One Lost Methyl Group = Huge Amounts of Food Production – Science Magazine

one-lost-methyl-group-=-huge-amounts-of-food-production-–-science-magazine

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By Derek Lowe

28 July, 2021

I don’t do a lot of posts on plant biochemistry here, but this news is pretty notable, and it illustrates several points that apply across other fields as well. This new paper has as its background the role of a particular methyl group in the structure of RNA molecules: N6-methyladenosine. The presence or absence of this methyl group is a very important epigenetic marker across pretty much all eukaryotic life – there are quite a few of these, and their activities are wide-ranging. These modifications of RNA can affect the stability of a given RNA species, how mRNAs get translated into protein and under what conditions, and more. Meanwhile, similar markers on DNA residues affect winding around histones (histone proteins have their own marker systems as well), transcription into RNA, and other processes. In plants, there’s a substantial amount of work showing the m6A signaling network is involved in development from seeds, flowering, resistance to viral infection, and a long list of growth and physiology effects.
Humans have an enzyme called FTO that demethylates N6-methyladenosine (and some other substrates as well) through oxidation. It’s part of a large family of enzymes that do this sort of thing using an iron atom in their active sites (although not as a heme group), along with molecular oxygen. Plants, though, don’t have an FTO homolog – they have some other enzymes that can demethylate this substrate, but not like FTO itself. So the team behind this paper wanted to see what would happen if you engineered the FTO enzyme into plants – they reasoned that it was unlikely to fit into the existing cellular regulatory networks (as a foreign protein more or less dropped in from the sky), and its robust demethylation activity would surely have some interesting effects.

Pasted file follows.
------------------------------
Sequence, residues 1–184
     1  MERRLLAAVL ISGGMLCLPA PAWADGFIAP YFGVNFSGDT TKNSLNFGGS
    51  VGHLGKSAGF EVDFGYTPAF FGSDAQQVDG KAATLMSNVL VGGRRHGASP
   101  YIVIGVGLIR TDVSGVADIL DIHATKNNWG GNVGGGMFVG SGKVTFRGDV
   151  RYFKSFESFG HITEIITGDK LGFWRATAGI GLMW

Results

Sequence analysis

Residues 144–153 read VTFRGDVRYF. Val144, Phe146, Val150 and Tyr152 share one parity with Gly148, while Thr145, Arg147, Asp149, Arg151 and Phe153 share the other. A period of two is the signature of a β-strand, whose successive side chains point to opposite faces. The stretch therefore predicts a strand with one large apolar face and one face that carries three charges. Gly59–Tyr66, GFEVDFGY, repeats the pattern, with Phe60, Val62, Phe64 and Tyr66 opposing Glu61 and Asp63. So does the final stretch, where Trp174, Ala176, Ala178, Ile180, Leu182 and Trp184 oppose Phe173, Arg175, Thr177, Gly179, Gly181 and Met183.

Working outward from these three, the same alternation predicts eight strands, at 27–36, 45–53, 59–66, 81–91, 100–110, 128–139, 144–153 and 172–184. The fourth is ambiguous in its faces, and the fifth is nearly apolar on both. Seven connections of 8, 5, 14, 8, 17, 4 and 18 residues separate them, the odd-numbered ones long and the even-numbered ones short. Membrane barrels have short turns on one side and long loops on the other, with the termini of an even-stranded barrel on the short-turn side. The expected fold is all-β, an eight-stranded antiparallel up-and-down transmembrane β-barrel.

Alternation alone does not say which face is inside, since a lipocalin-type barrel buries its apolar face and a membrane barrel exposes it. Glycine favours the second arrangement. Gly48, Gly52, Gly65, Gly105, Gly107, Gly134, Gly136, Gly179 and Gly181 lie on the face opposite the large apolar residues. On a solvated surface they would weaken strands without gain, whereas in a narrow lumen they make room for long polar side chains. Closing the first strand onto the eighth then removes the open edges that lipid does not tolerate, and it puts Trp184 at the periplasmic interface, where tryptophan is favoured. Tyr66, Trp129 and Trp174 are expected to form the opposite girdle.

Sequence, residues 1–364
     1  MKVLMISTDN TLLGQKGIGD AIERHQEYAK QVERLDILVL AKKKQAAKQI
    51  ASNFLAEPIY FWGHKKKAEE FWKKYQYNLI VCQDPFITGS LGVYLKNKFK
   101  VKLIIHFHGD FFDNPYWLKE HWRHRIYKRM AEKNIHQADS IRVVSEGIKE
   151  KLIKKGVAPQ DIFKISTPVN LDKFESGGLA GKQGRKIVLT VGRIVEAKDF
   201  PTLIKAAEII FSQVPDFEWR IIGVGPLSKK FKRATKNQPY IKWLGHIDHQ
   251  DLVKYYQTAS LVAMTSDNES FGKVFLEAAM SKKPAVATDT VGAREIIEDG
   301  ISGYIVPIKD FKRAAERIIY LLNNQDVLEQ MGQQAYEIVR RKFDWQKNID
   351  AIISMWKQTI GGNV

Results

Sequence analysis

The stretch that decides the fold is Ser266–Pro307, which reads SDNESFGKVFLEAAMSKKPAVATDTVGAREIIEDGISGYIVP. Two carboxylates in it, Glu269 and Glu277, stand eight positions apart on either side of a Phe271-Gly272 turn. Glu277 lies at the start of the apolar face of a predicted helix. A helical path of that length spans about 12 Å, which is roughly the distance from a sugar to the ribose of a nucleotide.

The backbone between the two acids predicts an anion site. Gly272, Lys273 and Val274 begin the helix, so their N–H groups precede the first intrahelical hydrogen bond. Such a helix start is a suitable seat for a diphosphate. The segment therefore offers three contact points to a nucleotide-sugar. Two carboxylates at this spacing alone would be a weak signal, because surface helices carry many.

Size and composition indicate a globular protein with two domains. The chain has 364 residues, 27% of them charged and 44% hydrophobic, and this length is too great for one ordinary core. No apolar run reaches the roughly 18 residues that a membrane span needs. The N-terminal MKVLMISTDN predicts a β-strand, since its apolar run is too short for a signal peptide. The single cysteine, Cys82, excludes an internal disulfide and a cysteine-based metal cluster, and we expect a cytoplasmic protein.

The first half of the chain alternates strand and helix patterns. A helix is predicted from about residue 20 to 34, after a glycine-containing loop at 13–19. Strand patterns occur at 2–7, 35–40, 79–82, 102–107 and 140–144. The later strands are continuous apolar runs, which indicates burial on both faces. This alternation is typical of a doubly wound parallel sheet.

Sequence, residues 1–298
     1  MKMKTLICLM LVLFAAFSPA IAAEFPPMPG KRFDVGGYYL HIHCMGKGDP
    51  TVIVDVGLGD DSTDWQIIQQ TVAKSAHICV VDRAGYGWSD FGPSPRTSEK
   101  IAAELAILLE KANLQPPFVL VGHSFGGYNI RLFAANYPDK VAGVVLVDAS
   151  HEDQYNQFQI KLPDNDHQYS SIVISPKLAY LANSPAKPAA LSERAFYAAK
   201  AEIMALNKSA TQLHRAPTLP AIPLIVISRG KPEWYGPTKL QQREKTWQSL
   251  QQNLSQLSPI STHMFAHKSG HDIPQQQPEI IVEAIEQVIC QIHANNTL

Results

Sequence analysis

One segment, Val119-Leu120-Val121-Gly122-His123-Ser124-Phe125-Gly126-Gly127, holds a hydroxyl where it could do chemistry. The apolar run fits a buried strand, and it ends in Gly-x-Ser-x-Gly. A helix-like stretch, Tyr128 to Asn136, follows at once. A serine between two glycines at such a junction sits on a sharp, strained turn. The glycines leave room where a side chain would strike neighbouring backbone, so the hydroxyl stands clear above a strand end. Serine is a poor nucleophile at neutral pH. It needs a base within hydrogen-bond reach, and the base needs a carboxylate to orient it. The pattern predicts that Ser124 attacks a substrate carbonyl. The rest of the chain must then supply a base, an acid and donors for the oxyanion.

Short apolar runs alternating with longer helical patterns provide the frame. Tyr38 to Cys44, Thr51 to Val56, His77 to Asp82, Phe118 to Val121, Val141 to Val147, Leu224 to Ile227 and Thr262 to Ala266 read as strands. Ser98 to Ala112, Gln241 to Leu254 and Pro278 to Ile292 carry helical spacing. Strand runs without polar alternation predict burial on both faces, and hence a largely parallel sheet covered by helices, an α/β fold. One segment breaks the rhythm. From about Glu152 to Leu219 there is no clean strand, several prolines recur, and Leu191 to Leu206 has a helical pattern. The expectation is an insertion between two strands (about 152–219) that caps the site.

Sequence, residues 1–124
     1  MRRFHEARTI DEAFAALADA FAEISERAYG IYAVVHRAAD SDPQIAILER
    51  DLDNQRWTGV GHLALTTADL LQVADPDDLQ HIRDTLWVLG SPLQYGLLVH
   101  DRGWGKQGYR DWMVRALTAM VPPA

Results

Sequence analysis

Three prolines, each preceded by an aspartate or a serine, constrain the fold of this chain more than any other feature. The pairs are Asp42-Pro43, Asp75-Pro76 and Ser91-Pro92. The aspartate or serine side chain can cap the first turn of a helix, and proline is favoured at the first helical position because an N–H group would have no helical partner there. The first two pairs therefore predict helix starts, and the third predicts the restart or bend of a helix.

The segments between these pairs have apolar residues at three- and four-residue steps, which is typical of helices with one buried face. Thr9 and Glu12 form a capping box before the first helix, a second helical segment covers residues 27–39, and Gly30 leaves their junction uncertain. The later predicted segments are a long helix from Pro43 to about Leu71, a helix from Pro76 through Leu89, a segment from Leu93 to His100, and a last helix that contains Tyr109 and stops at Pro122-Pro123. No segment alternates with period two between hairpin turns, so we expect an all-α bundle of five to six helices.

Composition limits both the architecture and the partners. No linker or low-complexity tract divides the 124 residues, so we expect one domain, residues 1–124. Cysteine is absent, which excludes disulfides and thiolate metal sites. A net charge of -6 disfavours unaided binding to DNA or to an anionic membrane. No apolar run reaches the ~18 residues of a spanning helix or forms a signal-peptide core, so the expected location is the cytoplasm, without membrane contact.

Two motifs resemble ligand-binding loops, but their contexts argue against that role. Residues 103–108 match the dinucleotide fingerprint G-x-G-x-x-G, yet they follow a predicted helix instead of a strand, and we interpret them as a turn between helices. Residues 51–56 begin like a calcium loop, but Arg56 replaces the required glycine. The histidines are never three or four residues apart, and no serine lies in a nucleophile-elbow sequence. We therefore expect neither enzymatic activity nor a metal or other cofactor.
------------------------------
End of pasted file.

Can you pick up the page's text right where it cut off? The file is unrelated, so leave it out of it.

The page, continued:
Nature Biotechnology

It sure did. In rice and potatoes, the crop yields went up by about 50% in field trials. Grain size in the rice plants didn’t change, nor did the height of the plants – they just produced a lot more rice grains in general. Shown at right are the potatoes from 20 control plants and 20 FTO-modified ones – in this case, the total number of potatoes doesn’t seem to go up, but the overall potato weight certainly does. Neither the rice nor the potatoes showed changes in their starch, protein, total carbohydrate, or vitamin C content.
How does this happen? The plants’ root systems were deeper and more extensive, and photosynthetic efficiency went up by a startling 36%. Transpiration from the leaves was up 78%, but at the same time, the plants of both species showed significantly higher drought tolerance. These are highly desirable traits, and it’s worth noting that a lot of this extra biomass is coming from increased usage of carbon dioxide from the air. As the paper notes, this both demonstrates an extremely useful effect right off the bat, and also points to many lines of investigation about how RNA demethylation affects all these plant growth pathways (indeed, the latter part of the paper shows a number of preliminary work to try to untangle all this, but there’s going to be a lot more work needed on that).
Agriculture, national and international regulations, and customer attitudes being what they are, you’re not going to see FTO-modified plants showing up in the grocery stores any time soon. But this is a really promising area to investigate: the addition to plants of a protein that we all already have in our bodies might increase agricultural productivity immensely. Increased yields are key to not plowing up more of the planet’s arable (and potentially arable) land to grow food on, so this could also be good news for preservation of wild habitats in general. It will be fascinating to see what happens when FTO is introduced into other food crops (corn, wheat, soybeans, cassava, oil seeds and more), or whether this could be used to make some chemical feedstock ideas more feasible. Would FTO-modified trees produce wood more quickly and in greater amounts? Could study of the enhanced photosynthesis pathways lead to modified species that would be useful in carbon dioxide uptake? This is quite a result, and I hope it leads to many useful consequences.

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